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Type Cast

Type CastWhen he's not studying, Alex Holman, a doctoral student at the Sackler School of Graduate Biomedical Sciences at Tufts, is busy making music with the Boston Typewriter Orchestra.

Medford/Somerville, Mass. [01.16.07] Apparently the first person to use the manual typewriter as a musical instrument was American composer Leroy Anderson, who featured the clackety, dinging office machine in a piece he wrote back in 1950. The Boston Typewriter Orchestra, a five-member ensemble of graduate students and their pals, is building on what they call that "cheerful and enjoyable" historic moment and carrying its promise forward through their antic performances of keyboard syncopation.

The birth of the BTO came a couple of years ago in a barroom. Tim, one of the original members, was idly tapping out a rhythm on a kid's typewriter in time to some tune playing on the radio. When a waitress asked him to desist, he replied that it was OK because he was, after all, the conductor of the Boston Typewriter Orchestra. His improvised claim soon became the level truth.

Multimedia Feature:


Alex Holman discusses his involvement with the BTO.


Alex Holman, 27, a doctoral student in genetics at the Sackler School of Graduate Biomedical Sciences, signed on about a year ago. He is plainly a natural at it. Asked to describe his favorite instrument of the 15 or 20 vintage machines that the BTO keeps on hand-typewriters generally found after being discarded somewhere along the road-he replies, "I do like that Underwood Five model. They have a good, solid bass sound to them." Other typewriters in the collection tend to ring more in an alto or tenor range, says Holman, a pony-tailed young man with flashing dark eyes and energy to burn.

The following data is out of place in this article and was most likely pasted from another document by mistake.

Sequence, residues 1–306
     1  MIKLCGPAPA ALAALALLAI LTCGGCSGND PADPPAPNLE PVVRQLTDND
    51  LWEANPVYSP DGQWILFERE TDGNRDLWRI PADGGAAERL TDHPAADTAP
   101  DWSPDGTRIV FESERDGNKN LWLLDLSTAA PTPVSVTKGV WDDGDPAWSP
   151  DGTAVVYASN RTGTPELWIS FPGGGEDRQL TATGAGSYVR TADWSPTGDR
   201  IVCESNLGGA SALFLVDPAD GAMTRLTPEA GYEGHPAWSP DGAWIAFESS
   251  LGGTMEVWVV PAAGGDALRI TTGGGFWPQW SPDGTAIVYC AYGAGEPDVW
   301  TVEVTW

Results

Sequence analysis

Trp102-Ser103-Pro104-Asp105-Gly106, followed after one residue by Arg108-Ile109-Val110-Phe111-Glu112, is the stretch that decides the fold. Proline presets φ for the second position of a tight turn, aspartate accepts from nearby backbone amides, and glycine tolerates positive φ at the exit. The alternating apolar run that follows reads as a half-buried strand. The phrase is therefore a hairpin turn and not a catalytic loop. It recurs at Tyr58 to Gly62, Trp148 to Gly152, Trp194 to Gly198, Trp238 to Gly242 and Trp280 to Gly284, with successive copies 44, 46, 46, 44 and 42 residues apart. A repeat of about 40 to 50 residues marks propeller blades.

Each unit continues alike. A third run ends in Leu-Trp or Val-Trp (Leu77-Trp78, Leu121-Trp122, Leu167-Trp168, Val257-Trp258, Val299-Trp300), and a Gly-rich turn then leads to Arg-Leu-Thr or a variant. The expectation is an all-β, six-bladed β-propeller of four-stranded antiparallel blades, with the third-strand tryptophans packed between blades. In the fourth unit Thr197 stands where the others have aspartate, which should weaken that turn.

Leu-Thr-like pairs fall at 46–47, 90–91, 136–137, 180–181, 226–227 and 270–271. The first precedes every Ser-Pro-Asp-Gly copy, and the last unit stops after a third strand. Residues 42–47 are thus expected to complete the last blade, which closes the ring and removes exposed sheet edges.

Picture a half-dozen 20-something guys seated around a table, dressed in shirts and ties and whaling away at their machines, with rhythmic patterns repeating like the drumming of fingers on a countertop, and you have the heart of a BTO performance. (For more, see The band has seven or eight original compositions that they play, in the process creating a droll tableau of pre-1965 office productivity. It's the Marx Brothers on company time. The group has performed at street fairs in Worcester and Somerville and at a handful of clubs around Boston, in addition to an appearance on Fox News.

What does the group sound like? If their CD, The Revolution Will Be Typewritten, is any clue, they sound like a tap dance, like car keys tossed on a table or like an ice cream truck crossed with machine-gun fire.




This text originally appeared in the Winter 2007 issue of Tufts Medicine.


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